A further analysis is carried out to check if the keyword hello is contained in the message. If hello is found in the message, a generic response is sent to the back to the user informing them of how to make use of the bot.

Similarly, another check is carried out to ensure that after the message has been converted into a list, the number of items contained in the list is not less than 4. Again, this is due to the agreed messaging format with the bot.

The number of BTC units to convert and the currency code are contained at indexes 1 and 4 of the list` respectively. Next, a HTTP GET request is made to the Coinbase API to obtain the current exchange rates with BTC as the base currency. The returned rates will define the exchange rate for one unit of BTC. Here’s an example of the response received from the API.

  "data": {
    "currency": "BTC",
    "rates": {
      "AED": "36.73",
      "AFN": "589.50",
      "ALL": "1258.82",
      "AMD": "4769.49",
      "ANG": "17.88",
      "AOA": "1102.76",
      "ARS": "90.37",
      "AUD": "12.93",
      "AWG": "17.93",
      "AZN": "10.48",
      "BAM": "17.38",

Once the response from the API has been obtained, a check is carried out to ensure that the currency code obtained from the list earlier can be found as a key under the rates payload. If it exists, the get_unit_conversion() function, which does the actual conversion, is then called passing in the unit rate of the identified currency code as well as the number of BTC units to convert.

Once we’ve applied our logic to determine the bot’s response based on the body of the message received, we need to send back a reply. Twilio expects this reply to be in Twilio Markup Language (TwiML). This is an XML-based language but we’re not required to create XML directly. The MessagingResponse class from the Twilio Python helper library helps us to send the response in the right format.

Setting up Ngrok

Since our application is currently local, there’s no way for Twilio to be able to send POST requests to the endpoint we just created. We can use Ngrok to set up a temporary public URL so that our app is accessible over the web.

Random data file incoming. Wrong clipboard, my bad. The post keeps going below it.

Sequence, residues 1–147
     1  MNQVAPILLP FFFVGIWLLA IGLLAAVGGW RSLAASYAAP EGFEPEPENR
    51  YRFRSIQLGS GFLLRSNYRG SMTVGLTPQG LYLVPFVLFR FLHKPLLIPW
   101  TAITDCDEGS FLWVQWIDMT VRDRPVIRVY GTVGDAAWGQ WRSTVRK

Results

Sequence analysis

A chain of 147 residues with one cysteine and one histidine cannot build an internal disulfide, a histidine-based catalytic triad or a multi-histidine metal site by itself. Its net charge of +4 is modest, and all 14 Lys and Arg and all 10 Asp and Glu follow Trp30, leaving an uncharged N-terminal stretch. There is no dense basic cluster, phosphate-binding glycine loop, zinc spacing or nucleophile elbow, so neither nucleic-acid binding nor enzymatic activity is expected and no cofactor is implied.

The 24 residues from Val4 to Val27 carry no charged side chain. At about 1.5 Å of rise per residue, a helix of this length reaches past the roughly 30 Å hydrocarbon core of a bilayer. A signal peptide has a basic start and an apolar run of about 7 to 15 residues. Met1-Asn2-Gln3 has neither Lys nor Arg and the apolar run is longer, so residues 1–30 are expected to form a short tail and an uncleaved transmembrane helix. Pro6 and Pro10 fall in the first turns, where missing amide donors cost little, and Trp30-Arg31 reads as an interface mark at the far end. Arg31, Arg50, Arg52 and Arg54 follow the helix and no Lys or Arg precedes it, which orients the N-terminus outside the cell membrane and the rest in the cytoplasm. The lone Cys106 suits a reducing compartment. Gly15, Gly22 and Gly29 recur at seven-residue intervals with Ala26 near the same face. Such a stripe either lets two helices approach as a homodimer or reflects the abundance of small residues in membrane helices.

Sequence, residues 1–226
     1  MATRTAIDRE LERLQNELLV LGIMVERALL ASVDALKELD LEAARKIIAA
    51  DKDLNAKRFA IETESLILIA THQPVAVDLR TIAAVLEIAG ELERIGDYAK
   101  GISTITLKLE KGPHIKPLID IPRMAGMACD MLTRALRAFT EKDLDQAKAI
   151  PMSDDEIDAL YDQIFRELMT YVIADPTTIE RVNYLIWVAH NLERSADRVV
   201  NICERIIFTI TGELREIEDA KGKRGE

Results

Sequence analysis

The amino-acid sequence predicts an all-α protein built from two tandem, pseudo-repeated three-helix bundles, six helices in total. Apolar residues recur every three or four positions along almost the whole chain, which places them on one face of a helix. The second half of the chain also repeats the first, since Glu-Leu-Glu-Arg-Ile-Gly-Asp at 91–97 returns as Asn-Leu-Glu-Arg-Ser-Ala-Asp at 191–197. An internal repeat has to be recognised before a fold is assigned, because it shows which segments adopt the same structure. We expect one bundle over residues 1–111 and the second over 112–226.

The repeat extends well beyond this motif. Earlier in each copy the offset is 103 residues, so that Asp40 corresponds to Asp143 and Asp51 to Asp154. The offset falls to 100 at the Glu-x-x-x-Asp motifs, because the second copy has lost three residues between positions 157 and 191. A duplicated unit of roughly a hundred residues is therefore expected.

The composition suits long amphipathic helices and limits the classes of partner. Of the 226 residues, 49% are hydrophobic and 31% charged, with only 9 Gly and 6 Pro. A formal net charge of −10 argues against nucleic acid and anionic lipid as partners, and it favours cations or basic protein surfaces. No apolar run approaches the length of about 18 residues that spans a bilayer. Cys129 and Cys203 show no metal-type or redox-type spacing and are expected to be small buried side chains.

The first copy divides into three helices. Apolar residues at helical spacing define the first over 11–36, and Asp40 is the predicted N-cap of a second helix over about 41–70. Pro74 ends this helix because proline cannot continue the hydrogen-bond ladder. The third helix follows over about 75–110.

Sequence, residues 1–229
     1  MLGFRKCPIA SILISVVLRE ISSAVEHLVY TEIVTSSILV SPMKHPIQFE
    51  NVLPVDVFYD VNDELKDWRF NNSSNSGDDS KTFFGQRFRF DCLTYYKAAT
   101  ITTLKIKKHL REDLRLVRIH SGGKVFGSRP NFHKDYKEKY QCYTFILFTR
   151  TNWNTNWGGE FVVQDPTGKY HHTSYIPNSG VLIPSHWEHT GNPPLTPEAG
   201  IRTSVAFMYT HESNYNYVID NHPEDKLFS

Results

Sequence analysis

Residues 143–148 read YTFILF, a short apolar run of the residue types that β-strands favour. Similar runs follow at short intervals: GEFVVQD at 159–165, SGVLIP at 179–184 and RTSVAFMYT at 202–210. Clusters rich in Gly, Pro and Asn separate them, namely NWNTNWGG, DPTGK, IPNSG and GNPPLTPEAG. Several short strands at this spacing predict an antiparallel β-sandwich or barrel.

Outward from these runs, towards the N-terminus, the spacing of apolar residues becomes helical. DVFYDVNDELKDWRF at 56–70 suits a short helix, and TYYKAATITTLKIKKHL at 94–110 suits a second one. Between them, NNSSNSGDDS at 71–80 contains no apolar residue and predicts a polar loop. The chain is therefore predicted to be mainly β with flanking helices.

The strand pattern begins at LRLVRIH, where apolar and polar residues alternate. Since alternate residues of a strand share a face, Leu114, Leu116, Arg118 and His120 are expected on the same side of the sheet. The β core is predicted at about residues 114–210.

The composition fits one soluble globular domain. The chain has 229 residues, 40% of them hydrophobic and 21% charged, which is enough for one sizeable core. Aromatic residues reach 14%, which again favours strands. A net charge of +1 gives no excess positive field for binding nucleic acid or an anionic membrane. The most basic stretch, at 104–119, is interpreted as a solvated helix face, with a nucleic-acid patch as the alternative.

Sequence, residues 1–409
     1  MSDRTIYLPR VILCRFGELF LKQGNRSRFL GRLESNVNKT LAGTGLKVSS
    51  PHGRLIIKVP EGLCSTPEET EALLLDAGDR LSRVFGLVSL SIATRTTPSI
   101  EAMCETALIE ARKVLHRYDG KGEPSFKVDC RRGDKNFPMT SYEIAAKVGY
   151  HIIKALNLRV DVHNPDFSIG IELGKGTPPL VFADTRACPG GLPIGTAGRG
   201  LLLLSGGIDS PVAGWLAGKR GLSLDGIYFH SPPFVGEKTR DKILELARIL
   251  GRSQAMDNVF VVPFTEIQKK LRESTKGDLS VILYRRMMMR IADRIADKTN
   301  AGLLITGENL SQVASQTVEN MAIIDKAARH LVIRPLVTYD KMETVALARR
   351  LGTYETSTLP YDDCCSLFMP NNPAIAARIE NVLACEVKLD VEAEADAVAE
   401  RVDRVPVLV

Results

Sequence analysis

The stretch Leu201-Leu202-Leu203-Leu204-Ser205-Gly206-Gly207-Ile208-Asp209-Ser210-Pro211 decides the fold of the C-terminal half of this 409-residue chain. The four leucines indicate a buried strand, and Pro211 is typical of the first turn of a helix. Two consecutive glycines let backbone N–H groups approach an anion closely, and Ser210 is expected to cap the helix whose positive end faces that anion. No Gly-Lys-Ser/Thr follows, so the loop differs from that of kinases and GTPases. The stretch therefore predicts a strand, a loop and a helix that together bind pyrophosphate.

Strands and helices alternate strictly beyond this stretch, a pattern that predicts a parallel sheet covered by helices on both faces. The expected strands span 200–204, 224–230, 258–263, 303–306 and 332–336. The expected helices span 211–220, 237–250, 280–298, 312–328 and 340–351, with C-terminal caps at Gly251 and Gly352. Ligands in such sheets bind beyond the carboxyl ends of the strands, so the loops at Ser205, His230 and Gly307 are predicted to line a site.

To start the application, run the following command from the terminal:

$ python

With the application running, run the following command on a second terminal window to start ngrok:

$ ngrok http 5000

In this command, 5000 refers to the port your Flask application is currently listening on.

You should now be presented with a screen similar to the one below:

ngrok screenshot

Take note of the https:// “Forwarding” URL as we’ll be making use of it shortly.

Configure Twilio WhatsApp Sandbox

Before you’re able to send and receive messages using the Twilio API for WhatsApp in production, you’ll need to enable your Twilio number for WhatsApp. Since it can take a while before your number is approved, we can use the Sandbox environment Twilio provides for WhatsApp.

To get started, head over to the WhatsApp section on your Twilio dashboard. You should see the sandbox phone number assigned to your account as below:

WhatsApp Sandbox

Right next to the phone number, you will also see a code that starts with “join” followed by two random words. To enable the WhatsApp sandbox, send a WhatsApp message with this code to the number assigned to your account. After a moment, you should receive a reply from Twilio confirming your mobile number is connected. Once this is done, you can start sending and receiving messages.

Next, head over to the “Sandbox” section under “Programmable SMS / WhatsApp Beta” and paste the Ngrok URL we noted earlier on the “WHEN A MESSAGE COMES IN” field. Don’t forget to append /incoming/twilio at the end of the URL so that it points at our Flask endpoint. Click “Save” at the bottom of the page.

WhatsApp webhook configuration


You can try testing the functionality of the bot by sending messages to it from your smartphone using WhatsApp. Here’s an example of me chatting with the bot:

WhatsApp Bitcoin currency bot demo


In this tutorial, we have created a simple WhatsApp chatbot that returns the Bitcoin equivalent price in any supported currency. This was implemented using Flask and the Twilio API for WhatsApp. The Bitcoin exchange rate was obtained from the Coinbase API. The GitHub repository with the complete code for this project can be found here.

Dotun Jolaoso